Happy Buttons: Ways to ruin a toddler's bad mood
February 25, 2001
We all have those days we can't snap out of a funk, and little ones sure can get them too. Here are a few things that
work for us.
A bear hug is nice, but a monkey hug is a guaranteed mood lifter. Pick up the child, hold on tight, and bend down quickly
so they're hanging upside down and grinning. Shout out "monkey hug!" with every swoop down, stay a few seconds, and
then swing them back up. As long as you hold their heads firmly too and do it very gently, even babies get a case of the
giggles (OLDER babies of course!).
You have to look really hard for happy buttons. Kids have them somewhere but the tricky things are always moving around!
If your little one is particularly sad or cranky, announce that you're going to have to find their happy button. With big smiles, hold
out one finger and begin poking bellies, the backs of knees, even ears in search of that elusive happy button. Make sure to be
very, very silly and not too rough if your child is particularly sensitive. Keep searching till you see a smile break
and then announce that you've found it! You can also shriek and run in mock fear of your own happy button being pushed.
Kids love to reciprocate!
~Turn into a loon
It doesn't matter how you do it, but acting like a complete idiot is the quickest way to cheer up a child. Pretend to
suddenly be terrified of the oven mitt and plead for your little one to save you from it (make sure it's something they're
not going to turn fearful of too-- so silly stuff). Announce something like "I think I have a chicken on my head" and wait
for your child to argue. Call the cat a hippopotamus or ask your little one if her name is Humperdink. When he says no,
ask if he's sure. Then guess it's Waddledip.... you get the idea.
~Pour on the mommy love
Sometimes kids just need to be absolutely babied and adored for a few minutes. If they seem particularly down, try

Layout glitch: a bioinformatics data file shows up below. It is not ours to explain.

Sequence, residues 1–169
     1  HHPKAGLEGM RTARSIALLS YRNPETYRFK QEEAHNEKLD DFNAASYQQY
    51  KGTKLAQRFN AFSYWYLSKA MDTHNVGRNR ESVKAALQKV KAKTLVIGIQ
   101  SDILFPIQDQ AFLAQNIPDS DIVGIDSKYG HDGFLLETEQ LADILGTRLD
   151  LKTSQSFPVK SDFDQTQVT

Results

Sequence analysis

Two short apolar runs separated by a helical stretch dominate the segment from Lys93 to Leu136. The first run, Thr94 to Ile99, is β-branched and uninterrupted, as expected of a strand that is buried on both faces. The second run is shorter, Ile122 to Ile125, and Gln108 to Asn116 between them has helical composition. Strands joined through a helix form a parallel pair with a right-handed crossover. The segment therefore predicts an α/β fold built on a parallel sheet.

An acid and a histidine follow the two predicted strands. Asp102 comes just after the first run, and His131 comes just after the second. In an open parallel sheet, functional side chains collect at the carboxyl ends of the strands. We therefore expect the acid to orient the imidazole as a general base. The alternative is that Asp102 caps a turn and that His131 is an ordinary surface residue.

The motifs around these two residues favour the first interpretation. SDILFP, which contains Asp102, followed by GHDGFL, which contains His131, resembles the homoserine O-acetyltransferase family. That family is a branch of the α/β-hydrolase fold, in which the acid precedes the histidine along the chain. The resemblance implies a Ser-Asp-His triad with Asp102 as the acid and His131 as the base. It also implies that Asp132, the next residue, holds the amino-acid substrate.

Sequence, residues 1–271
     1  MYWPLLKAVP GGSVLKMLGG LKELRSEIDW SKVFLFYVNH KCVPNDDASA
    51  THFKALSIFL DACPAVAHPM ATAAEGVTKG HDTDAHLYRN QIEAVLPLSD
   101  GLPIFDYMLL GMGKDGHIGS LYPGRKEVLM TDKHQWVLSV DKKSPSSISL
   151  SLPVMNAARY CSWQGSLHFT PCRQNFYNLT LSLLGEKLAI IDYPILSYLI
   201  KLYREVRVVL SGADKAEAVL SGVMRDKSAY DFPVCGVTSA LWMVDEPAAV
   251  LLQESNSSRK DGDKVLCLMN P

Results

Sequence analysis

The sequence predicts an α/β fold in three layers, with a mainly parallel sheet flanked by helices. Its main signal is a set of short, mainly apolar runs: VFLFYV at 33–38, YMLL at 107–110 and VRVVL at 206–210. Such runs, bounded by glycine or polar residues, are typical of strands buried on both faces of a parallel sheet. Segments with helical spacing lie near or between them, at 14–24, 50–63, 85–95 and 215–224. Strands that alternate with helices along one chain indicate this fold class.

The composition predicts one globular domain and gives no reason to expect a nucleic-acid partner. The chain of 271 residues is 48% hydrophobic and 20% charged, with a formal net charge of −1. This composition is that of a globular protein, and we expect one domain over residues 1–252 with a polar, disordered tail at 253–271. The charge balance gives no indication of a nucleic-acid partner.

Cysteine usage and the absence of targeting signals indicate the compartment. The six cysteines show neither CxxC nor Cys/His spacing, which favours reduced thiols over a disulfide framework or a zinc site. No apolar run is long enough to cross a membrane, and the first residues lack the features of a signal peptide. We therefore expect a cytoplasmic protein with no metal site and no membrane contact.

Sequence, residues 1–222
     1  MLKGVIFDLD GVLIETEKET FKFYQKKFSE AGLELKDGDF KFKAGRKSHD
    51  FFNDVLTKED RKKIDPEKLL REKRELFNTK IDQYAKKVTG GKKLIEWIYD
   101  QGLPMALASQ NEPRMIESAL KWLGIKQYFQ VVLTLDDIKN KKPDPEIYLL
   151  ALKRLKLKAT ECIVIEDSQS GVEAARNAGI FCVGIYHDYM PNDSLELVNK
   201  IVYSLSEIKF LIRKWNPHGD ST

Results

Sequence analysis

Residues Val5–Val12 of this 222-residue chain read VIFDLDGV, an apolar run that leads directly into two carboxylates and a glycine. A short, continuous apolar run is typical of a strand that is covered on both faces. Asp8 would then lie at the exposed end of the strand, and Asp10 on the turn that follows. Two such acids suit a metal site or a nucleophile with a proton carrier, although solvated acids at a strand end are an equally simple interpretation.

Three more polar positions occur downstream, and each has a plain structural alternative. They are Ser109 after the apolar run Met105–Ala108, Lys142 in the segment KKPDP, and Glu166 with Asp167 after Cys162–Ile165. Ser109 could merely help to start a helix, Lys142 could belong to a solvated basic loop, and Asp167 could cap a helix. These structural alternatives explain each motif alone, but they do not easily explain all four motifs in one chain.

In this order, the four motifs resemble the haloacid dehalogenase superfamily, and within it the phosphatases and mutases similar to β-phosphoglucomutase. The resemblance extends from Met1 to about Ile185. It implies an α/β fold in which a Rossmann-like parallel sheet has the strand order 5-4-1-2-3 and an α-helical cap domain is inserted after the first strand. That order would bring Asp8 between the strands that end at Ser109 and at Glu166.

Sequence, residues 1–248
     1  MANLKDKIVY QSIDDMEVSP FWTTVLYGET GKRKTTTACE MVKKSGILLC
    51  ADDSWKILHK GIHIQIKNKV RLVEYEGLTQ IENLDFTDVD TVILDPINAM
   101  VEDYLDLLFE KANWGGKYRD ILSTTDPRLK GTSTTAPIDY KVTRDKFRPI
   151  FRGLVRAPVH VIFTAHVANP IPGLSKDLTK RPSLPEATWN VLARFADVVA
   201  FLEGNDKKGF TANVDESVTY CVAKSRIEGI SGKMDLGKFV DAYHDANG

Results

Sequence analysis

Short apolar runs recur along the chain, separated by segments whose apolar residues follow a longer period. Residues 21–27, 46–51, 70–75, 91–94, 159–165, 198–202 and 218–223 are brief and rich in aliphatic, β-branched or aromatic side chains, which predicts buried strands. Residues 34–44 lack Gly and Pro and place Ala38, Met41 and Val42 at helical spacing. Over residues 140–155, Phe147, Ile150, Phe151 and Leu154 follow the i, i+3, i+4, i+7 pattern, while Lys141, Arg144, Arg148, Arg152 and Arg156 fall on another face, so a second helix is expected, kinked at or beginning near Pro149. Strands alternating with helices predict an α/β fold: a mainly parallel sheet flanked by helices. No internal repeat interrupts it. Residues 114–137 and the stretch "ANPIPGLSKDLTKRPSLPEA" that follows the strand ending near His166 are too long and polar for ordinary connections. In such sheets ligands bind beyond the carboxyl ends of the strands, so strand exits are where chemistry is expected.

telling them they seem awfully sad and asking if they'd like to come sit in your lap or get a hug. Some
days you just need someone to feel bad for you and treat you gently. One night Victoria was a cranky terror until I had
her lie down across me and I patted her back and just said "Poor Victoria, poor Victoria" over and over
again. When I stopped, she told me to keep saying it! She fell right asleep like that, finally secure that somebody cared
how unfair it was to have to share with a baby sister or whatever it was that upset her.
~Turn on the tunes
Most of us have songs that lift our spirits and kids are no different. Oldies music is often good for this, as are all
different kid songs. It works for the grown-ups too. When I'm getting cranky with the kids I put on Tom Petty's
"Pack up the Plantation" CD and pretty soon we're all jumping around singing "even the losers get lucky sometimes!".
~Offer magical happy treats
My husband, Daryl, gives Victoria invisible happy juice when she's down. I've been known to also offer happy berries
(frozen blueberries). My only advice is don't make candy a happy treat and don't talk about happy pills,
for health and safety reasons.
Strange as it sounds, sometimes it works to just get down on your child's level and ask if she can snap out of it. When
Victoria (30 months) is crying and sad, I often just stoop down and first offer my condolences. Then I say
I'd kinda like to do something (things she likes like reading books, taking a bubble bath or doing crafts) but I think she's
too sad to enjoy it. I ask if she thinks she's ready to wipe her tears and be happy, and she almost always
agrees. With great dramatics, she wipes her tears and breaks into a grin. She says "Now I'm happy!" and we go off to do
our fun thing.
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All works on this site Alicia Bayer unless otherwise noted.
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